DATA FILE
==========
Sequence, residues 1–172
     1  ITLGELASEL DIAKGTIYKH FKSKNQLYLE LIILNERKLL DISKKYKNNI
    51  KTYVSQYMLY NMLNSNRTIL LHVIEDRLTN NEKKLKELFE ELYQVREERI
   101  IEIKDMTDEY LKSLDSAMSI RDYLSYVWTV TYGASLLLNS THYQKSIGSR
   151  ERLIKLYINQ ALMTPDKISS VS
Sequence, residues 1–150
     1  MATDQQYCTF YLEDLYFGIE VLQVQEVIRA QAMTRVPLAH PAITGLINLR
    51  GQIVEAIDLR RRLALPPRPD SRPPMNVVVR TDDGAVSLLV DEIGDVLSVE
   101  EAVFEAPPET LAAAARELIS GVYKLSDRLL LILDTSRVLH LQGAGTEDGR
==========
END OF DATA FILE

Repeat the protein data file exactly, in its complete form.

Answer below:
Sequence, residues 1–172
     1  ITLGELASEL DIAKGTIYKH FKSKNQLYLE LIILNERKLL DISKKYKNNI
    51  KTYVSQYMLY NMLNSNRTIL LHVIEDRLTN NEKKLKELFE ELYQVREERI
   101  IEIKDMTDEY LKSLDSAMSI RDYLSYVWTV TYGASLLLNS THYQKSIGSR
   151  ERLIKLYINQ ALMTPDKISS VS
Sequence, residues 1–150
     1  MATDQQYCTF YLEDLYFGIE VLQVQEVIRA QAMTRVPLAH PAITGLINLR
    51  GQIVEAIDLR RRLALPPRPD SRPPMNVVVR TDDGAVSLLV DEIGDVLSVE
   101  EAVFEAPPET LAAAARELIS GVYKLSDRLL LILDTSRVLH LQGAGTEDGR